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Cost comparison of patients with 3-level artificial total lumbar disc replacements versus 360° fusion at 3 contiguous lumbar vertebral levels: an analysis of compassionate use at 1 site of the US investigational device exemption clinical trial

Frank A. Buttacavoli, MD, Rick B. Delamarter, MD, Linda E.A. Kanim, MA



We sought to evaluate the difference between hospital service costs of 2 treatment options for patients diagnosed with 3-level degenerative disc disease (DDD) in the lumbar spine. In this retrospective analysis, itemized billing records of hospital stay for patients with 3-level DDD treated with artificial disc replacement (ADR) were compared with those treated with circumferential fusion (standard of care).


Sequential 3-level DDD patients treated with either ADR (ProDisc-L; Synthes, West Chester, Pennsylvania) or circumferential fusion during the period from January 2004 to October 2005 were included. Surgeries were performed at the same hospital for all patients. The ADR-treated patients were participating in the investigational device exemption clinical trial as part of the compassionate-use arm. Patients treated with fusion at the same institution during this same time interval were evaluated. Itemized billing records were collected at least 1 year after the index surgery. Costs according to hospital service categories were compared between ADR-treated and fusion-treated patients by use of analysis of variance and multivariate statistical techniques.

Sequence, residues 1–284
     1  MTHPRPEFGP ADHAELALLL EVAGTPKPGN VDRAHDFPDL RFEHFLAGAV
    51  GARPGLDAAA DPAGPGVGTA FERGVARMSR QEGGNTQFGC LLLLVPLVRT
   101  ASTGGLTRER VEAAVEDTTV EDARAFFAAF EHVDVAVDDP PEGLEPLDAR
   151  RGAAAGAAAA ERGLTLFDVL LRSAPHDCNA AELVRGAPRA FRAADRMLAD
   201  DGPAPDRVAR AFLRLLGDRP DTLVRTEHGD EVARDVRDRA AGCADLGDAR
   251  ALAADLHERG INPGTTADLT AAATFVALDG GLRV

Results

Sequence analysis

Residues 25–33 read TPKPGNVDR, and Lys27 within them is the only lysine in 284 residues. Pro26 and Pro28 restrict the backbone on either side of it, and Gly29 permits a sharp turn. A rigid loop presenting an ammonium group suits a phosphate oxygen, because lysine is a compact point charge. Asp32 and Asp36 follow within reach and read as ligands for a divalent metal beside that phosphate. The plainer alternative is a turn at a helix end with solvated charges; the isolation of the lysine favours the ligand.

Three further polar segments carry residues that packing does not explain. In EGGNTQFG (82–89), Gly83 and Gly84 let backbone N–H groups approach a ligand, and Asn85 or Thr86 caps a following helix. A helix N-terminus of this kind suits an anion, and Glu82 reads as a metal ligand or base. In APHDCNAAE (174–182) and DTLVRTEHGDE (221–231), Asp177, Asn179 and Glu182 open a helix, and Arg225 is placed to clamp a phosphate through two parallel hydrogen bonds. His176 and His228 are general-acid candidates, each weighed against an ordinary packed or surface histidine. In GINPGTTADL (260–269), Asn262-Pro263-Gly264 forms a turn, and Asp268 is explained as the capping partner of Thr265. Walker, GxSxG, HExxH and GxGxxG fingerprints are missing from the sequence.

There were 43 consecutive patients treated for 3-level DDD between January 2004 and October 2005. Of these, 21 underwent 3-level ADR and 22 had a 3-level fusion procedure. There was a mean of 3 fewer hospital days for patients treated with ADR (4.77 ± 1.11 days) than for those treated with fusion (8.00 ± 1.82 days) (P < .0001). The cost of hospital services for ADR-treated patients was 49% less excluding instrumentation costs and 54% less when accounting for instrumentation. The pattern of cost was similar when workers' compensation patients were analyzed separately.


ADR-treated 3-level patients benefited from significantly lower costs from their in-hospital stay compared with those treated by fusion. Hospital service costs were 49% (54% when instrumentation was included in the costs) less for ADR patients than for fusion patients.

Fusion, Artificial disc replacement (ADR), Cost
Volume 4 Issue 4